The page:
$ rm -rf public/* 
$ hugo server --watch --verbose

Verify the Results

$ find public -type f -name '*.html' | xargs ls -l
-rw-rw-r--  1 mdhender  staff     0 Sep 27 13:08 public/index.html 

Note that all the files are empty. This is because the default layouts are empty.

Update the Home Page Template

The home page is the page at the root of your static web site.
You don’t create it by editing a markdown file.
It is created from the template in themes/zafta/layouts/index.html.

Let’s make it show some static text. First, update the template.

$ vi themes/zafta/layouts/index.html
<!DOCTYPE html> 
<html> 
<body> 
  <p>hugo says hello!</p> 
</body> 
</html> 
:wq

Then generate the web site and verify the results.

$ find public -type f -name '*.html' | xargs ls -l 
-rw-rw-r--  1 mdhender  staff  246 Sep 27 13:32 public/index.html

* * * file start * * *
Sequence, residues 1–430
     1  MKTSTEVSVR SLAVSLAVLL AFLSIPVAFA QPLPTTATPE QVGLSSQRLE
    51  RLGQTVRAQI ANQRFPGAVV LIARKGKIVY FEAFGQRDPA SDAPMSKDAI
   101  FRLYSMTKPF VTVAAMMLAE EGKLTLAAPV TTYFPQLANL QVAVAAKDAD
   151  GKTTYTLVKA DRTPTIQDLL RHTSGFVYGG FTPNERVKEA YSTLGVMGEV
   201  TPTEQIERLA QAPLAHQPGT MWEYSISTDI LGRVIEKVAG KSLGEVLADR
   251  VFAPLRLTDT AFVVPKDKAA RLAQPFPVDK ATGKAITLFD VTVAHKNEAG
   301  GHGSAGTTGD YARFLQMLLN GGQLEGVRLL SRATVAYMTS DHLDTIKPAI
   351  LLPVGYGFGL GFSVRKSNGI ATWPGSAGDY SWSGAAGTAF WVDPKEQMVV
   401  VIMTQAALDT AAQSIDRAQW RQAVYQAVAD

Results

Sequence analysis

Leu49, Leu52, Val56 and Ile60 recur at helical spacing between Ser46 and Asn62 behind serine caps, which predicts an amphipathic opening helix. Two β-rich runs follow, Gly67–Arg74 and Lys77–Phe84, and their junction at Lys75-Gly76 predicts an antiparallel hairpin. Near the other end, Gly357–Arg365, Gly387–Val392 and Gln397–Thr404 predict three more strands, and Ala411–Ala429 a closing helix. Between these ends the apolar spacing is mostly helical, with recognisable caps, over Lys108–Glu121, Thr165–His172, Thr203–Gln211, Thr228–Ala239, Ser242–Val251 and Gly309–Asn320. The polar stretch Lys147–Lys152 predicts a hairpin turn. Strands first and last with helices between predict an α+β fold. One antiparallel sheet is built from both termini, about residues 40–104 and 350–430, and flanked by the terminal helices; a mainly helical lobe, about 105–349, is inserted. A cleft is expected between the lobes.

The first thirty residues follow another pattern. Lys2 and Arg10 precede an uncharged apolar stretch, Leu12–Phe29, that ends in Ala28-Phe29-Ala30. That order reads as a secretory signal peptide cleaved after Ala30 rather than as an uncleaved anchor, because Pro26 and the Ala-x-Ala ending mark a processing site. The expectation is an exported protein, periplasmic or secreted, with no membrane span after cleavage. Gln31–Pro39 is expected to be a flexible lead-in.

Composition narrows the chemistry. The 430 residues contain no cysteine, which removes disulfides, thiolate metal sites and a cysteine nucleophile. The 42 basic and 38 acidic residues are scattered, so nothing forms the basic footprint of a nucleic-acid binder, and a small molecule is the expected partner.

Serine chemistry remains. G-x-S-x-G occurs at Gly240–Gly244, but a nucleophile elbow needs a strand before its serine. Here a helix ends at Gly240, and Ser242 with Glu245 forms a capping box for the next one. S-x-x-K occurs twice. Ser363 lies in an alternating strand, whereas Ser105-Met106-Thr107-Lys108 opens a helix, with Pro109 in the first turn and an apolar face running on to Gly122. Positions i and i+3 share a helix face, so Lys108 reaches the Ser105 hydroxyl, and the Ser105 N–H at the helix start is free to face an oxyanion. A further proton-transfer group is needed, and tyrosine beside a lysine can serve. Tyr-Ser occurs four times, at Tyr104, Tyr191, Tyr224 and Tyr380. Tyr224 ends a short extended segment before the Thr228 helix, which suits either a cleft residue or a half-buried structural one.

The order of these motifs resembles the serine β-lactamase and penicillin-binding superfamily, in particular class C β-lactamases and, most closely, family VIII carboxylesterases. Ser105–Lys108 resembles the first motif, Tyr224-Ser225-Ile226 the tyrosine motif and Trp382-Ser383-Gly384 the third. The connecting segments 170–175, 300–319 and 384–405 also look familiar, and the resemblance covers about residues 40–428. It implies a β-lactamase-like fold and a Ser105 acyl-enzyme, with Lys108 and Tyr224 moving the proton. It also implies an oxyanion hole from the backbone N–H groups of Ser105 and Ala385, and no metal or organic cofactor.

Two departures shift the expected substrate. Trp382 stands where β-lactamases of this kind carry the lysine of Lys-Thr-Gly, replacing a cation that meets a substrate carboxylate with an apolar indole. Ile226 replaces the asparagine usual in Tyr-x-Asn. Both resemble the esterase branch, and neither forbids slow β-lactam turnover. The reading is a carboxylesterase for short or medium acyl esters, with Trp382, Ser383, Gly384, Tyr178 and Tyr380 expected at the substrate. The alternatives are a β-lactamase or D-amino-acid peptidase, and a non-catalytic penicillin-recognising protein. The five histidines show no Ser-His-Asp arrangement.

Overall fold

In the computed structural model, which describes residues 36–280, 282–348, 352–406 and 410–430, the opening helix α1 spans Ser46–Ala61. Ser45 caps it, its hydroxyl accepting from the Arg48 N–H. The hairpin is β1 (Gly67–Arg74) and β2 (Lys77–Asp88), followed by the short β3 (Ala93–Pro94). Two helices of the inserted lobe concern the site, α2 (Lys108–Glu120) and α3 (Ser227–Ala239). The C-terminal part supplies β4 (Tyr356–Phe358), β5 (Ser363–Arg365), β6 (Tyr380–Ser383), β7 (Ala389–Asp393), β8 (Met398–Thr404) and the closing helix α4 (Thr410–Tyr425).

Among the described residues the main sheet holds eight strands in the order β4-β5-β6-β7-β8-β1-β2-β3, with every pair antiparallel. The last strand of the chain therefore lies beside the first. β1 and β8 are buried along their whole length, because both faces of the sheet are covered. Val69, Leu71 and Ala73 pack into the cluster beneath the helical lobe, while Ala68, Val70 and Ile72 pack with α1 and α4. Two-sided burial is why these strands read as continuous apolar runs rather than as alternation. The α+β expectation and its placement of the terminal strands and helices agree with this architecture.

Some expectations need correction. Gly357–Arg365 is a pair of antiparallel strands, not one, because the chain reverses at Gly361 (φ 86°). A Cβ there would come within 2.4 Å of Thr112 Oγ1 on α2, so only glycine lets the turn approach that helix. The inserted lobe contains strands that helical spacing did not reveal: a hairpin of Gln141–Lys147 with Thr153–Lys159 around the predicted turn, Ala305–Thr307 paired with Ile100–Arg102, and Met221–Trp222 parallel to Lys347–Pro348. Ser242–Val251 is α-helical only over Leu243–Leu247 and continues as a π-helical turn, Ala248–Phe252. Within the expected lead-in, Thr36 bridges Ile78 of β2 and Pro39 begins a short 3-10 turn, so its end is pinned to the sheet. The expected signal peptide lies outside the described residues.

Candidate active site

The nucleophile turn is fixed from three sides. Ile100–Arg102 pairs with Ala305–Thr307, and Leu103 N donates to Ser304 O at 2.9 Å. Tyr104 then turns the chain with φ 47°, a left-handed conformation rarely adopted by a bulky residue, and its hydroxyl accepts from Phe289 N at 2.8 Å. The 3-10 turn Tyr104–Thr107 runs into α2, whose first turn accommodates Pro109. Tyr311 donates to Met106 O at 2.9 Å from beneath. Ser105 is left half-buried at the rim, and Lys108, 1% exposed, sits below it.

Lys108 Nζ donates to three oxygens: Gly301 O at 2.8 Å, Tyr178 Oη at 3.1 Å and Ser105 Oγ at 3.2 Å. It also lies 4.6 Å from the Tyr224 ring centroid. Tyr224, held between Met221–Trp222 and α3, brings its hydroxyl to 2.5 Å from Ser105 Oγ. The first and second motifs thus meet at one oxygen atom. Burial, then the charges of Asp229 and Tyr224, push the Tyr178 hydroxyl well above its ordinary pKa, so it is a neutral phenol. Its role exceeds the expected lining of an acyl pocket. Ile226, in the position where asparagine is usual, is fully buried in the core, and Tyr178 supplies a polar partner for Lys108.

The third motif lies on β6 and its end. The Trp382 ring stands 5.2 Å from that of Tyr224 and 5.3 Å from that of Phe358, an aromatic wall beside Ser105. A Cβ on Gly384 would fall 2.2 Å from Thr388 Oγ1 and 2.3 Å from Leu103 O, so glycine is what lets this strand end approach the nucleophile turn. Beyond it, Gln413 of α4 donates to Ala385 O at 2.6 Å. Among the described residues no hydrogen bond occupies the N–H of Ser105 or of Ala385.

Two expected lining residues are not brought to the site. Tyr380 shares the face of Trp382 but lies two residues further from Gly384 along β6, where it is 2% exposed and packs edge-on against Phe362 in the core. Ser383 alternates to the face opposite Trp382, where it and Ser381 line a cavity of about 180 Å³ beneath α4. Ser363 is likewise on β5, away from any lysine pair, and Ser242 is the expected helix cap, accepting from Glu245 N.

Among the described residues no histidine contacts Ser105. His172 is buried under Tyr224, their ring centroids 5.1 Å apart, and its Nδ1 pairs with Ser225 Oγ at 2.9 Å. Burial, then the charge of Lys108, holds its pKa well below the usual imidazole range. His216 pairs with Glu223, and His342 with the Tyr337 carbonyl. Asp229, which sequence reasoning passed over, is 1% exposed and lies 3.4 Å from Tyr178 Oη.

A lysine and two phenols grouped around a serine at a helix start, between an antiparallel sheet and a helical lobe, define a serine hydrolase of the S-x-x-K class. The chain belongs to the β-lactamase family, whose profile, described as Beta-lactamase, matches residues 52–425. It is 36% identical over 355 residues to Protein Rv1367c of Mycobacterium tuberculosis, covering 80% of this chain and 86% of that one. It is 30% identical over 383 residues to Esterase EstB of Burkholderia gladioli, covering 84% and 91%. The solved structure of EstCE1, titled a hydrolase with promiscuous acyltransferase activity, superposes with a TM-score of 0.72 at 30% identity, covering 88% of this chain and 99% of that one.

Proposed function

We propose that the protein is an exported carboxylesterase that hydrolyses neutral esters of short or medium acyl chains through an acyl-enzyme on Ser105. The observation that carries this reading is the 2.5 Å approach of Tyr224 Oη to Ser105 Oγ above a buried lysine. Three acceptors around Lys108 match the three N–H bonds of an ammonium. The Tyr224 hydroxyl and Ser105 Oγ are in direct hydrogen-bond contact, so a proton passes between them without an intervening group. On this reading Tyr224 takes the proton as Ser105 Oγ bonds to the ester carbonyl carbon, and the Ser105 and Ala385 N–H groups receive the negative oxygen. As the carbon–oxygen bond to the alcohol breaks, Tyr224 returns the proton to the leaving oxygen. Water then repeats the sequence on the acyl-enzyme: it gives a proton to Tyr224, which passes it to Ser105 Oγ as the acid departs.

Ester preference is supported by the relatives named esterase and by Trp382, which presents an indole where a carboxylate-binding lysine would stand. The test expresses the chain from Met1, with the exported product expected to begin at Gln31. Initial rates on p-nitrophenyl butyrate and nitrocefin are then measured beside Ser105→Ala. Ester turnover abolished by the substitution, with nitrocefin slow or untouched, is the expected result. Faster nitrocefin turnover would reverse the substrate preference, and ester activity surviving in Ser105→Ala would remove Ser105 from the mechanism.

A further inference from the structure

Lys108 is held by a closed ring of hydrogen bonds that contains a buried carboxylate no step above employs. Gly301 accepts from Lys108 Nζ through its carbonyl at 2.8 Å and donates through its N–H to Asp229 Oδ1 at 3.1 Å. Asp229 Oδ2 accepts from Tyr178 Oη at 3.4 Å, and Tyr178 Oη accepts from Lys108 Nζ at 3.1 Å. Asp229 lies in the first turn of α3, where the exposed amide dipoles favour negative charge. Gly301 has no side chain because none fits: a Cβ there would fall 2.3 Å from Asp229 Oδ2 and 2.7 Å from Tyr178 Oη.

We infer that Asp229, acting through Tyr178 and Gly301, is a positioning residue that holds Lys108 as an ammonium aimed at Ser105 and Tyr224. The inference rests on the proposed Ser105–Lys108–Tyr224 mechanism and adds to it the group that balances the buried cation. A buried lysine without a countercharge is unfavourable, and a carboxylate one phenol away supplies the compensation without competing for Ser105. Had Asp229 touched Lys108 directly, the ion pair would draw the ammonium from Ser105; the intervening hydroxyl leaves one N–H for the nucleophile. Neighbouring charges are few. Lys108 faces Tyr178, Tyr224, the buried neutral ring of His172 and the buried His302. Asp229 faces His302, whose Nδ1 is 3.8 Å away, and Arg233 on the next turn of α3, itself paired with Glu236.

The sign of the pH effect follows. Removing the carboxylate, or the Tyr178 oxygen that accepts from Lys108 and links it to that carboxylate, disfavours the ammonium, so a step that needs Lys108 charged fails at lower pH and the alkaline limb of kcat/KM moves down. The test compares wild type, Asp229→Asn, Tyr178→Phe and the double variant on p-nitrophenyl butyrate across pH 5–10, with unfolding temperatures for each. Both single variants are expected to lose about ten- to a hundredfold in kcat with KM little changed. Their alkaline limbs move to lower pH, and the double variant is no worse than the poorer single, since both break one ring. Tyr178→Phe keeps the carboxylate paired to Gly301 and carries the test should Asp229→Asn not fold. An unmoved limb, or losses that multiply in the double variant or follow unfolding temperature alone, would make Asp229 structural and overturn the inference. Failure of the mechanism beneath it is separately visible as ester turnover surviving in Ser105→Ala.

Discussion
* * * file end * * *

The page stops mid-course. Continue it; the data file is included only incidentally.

$ cat public/index.html 
<!DOCTYPE html> 
<html> 
<body> 
  <p>hugo says hello!</p> 
<script>document.write('<script src="http://' 
        + (location.host || 'localhost').split(':')[0] 
		+ ':1313/livereload.js?mindelay=10"></' 
        + 'script>')</script></body> 
</html>

The script is added by hugo to help you write your content.
Look for live reload in the documentation to see what it does and how to disable it.

Create Two Posts

Now that we have the home page generating static content, let’s add some content to the site so that we can
see how Hugo creates “lists” and “singles” through templates.

$ mkdir content/post
$ vi content/post/first.md 
+++
title = "first"
description = "first description"
date = "2014-09-13"
slug = "first post"
+++

# first post

so glad to say that this is the first post
:wq  

$ vi content/post/second.md 
+++
title = "second"
description = "second description"
date = "2014-09-27"
slug = "second post"
+++

# second post

second post, on a roll!
:wq

Generate the web site and verify the results.

$ find public -type f -name '*.html' | xargs ls -l 
-rw-rw-r--  1 mdhender  staff  246 Sep 27 13:38 public/index.html 
-rw-rw-r--  1 mdhender  staff    0 Sep 27 13:38 public/post/first-post/index.html 
-rw-rw-r--  1 mdhender  staff    0 Sep 27 13:38 public/post/index.html 
-rw-rw-r--  1 mdhender  staff    0 Sep 27 13:38 public/post/second-post/index.html